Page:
Tag: Criminal justice reform

Trump Considers Tying Criminal Justice Reforms to Border Wall Funding

The FIRST STEP Act might get shoved into an end-of-year spending bill.

There appears to be enough bipartisan backing to pass some modest reforms to federal prison conditions and mandatory minimums. Even the Fox Broadcasting Company has put out a statement of support for the FIRST STEP Act. Yet the bill is still stuck in the Senate, and the future of federal criminal justice reform legislation remains unsettlingly cloudy.

President Donald Trump formally announced his support for the law in November, and it has already passed the House. But Sen. Majority Leader Mitch McConnell (R–Ky.) says it might not get a floor vote until January. McConnell is being pressured by fellow conservatives who back the bill and say they know they have the votes to pass it, but a group of Republicans is apparently trying to remove some “safety valve” provisions that permit judges to deviate from mandatory minimum sentence guidelines in some cases. That safety valve has the potential to reduce the sentences of more than 2,000 defendants a year.

Trump reportedly has a plan to get the law passed. According to Sen. Lindsey Graham (R–S.C.), the president wants to shove the FIRST STEP Act into a year-end must-pass spending bill. Lawmakers just passed a stop-gap bill to continue funding the federal government for a couple more weeks. But that runs out right before Christmas.

Senator Graham tweets:

In other words, Trump is trying to tie the FIRST STEP Act to funding for his border wall. He wants $5 billion to start the wall. Senate Democrats have said that they’re willing to fund $1.6 billion for more border security but that they’re not going to give Trump all the money he wants. And obviously, once the Democrats take over the House they’re not going to give him the funds.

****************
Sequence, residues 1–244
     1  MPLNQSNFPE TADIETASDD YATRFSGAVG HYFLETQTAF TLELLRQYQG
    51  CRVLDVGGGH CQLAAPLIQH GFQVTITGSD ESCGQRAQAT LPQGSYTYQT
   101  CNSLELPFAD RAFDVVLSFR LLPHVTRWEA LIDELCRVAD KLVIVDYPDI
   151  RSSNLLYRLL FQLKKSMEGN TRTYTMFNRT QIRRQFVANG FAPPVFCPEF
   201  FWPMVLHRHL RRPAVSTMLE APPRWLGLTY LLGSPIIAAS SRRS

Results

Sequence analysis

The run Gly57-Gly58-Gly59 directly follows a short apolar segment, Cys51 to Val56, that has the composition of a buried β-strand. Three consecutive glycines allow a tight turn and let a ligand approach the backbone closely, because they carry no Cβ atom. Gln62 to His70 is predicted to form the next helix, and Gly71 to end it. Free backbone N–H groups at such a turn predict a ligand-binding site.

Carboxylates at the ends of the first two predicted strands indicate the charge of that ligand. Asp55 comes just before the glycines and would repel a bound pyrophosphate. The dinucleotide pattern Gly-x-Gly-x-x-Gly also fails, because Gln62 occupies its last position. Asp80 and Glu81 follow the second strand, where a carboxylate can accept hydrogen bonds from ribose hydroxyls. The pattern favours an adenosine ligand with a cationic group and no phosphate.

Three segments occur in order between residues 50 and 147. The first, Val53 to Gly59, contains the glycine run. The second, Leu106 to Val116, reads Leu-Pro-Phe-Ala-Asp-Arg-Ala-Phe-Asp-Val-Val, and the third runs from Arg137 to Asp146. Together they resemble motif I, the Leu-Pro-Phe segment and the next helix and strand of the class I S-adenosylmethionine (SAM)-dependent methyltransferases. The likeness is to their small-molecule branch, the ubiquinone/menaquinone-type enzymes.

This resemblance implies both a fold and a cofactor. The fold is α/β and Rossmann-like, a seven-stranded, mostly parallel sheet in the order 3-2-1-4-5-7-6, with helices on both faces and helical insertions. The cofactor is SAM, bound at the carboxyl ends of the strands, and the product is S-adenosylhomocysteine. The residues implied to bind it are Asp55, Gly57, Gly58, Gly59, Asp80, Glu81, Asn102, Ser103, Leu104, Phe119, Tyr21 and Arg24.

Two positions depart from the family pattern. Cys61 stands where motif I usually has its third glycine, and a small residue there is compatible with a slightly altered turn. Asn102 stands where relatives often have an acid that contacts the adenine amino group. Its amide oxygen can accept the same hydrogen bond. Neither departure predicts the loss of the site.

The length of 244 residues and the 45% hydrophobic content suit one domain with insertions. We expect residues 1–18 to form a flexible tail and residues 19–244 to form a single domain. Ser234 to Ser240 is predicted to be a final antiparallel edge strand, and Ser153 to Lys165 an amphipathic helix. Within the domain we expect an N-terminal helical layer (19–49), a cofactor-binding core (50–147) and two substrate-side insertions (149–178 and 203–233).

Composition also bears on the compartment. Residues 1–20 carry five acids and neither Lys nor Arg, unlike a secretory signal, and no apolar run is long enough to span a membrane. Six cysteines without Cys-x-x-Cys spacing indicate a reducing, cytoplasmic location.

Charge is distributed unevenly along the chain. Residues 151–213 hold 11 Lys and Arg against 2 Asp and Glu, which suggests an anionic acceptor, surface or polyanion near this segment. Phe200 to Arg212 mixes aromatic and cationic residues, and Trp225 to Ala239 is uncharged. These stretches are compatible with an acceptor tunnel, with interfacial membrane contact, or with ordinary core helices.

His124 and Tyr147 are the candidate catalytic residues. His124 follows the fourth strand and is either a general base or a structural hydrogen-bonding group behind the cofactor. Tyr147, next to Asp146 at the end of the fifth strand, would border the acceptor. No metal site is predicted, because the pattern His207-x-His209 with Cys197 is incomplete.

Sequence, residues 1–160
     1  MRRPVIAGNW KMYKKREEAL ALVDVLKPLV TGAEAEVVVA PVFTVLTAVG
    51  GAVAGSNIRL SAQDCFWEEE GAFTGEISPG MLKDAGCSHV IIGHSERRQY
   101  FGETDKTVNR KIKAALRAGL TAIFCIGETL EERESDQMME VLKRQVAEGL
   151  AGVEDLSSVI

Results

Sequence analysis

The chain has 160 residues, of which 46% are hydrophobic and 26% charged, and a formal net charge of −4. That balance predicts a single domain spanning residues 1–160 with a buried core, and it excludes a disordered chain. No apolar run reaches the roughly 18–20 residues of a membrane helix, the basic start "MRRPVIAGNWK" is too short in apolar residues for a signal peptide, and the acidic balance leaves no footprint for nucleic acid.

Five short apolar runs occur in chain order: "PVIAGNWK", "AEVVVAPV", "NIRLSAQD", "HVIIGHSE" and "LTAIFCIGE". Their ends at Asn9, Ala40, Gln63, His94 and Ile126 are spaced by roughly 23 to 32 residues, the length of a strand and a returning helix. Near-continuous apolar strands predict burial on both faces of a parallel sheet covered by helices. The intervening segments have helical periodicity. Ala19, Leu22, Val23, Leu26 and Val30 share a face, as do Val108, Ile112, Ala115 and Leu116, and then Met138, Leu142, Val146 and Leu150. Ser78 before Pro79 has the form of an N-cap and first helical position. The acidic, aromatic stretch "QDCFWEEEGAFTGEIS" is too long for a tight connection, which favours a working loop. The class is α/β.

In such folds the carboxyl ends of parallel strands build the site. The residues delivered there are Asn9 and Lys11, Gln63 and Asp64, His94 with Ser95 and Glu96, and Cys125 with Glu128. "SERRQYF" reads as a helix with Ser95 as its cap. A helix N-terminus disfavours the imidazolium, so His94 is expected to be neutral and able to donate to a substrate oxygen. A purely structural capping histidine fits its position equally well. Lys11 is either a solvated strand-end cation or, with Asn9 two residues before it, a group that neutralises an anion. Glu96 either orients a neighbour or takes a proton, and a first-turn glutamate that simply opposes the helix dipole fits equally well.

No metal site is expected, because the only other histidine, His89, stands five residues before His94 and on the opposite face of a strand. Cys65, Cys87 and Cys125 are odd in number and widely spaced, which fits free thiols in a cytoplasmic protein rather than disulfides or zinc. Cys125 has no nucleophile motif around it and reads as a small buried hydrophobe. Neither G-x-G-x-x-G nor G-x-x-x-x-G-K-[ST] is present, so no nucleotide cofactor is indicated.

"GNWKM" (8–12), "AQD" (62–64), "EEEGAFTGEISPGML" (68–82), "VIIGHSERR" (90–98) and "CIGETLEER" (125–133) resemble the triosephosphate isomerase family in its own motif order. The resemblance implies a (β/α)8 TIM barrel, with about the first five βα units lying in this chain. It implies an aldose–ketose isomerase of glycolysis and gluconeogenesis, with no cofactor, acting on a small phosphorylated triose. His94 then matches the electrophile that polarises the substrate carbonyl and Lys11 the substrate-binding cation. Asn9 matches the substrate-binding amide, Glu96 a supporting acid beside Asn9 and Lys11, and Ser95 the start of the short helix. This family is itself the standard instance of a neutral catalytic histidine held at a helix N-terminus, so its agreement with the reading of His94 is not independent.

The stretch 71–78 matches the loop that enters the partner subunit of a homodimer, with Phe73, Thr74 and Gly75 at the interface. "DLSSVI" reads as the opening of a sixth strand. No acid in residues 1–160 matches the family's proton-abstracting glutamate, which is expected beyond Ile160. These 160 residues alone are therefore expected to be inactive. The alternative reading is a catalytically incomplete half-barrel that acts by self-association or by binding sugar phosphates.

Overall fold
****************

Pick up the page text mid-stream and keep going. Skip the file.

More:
Republican Senators have introduced legislation to give Trump $25 billion for the wall, but that bill has no chance of going anywhere at all.

Trump’s tactic here is not terribly unusual. Year-end “must pass” omnibus spending bills have become a depository for unrelated legislation when congressional leaders are struggling to pull together votes. Some of these bills wouldn’t survive public scrutiny. Back in 2016, Reason.com explored several of the unrelated pieces of legislation that got dropped into a $1.1 trillion spending bill passed before the end of 2015.

So the big question here is whether the two demands can be separated. Could the FIRST STEP Act get tossed in the spending bill even if Democrats refuse any consideration of more border wall spending? And will Trump still support it in that case? If he’s stubborn, could that actually cause politically ambitious Democratic senators like Kamala Harris of California and Elizabeth Warren of Massachusetts to turn against the FIRST STEP Act so they can use it as a bludgeon against Trump?

UPDATE: Sen. Ted Cruz (R-Texas) who had been opposing the FIRST STEP Act (after previously supporting it) says he’s back on board after an amendment was added to “exclude violent offenders from being released early.”

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New Report On Firearms Offense Sentences Released

The United States Sentencing Commission issued a report on March 15th titled Mandatory Minimum Penalties for Firearms Offenses in the Federal Criminal Justice System.  This is the third publication in the Commission’s series on mandatory minimum penalties, including the 2017 Mandatory Minimum Overview and the 2017 Drug Mandatory Minimum Report.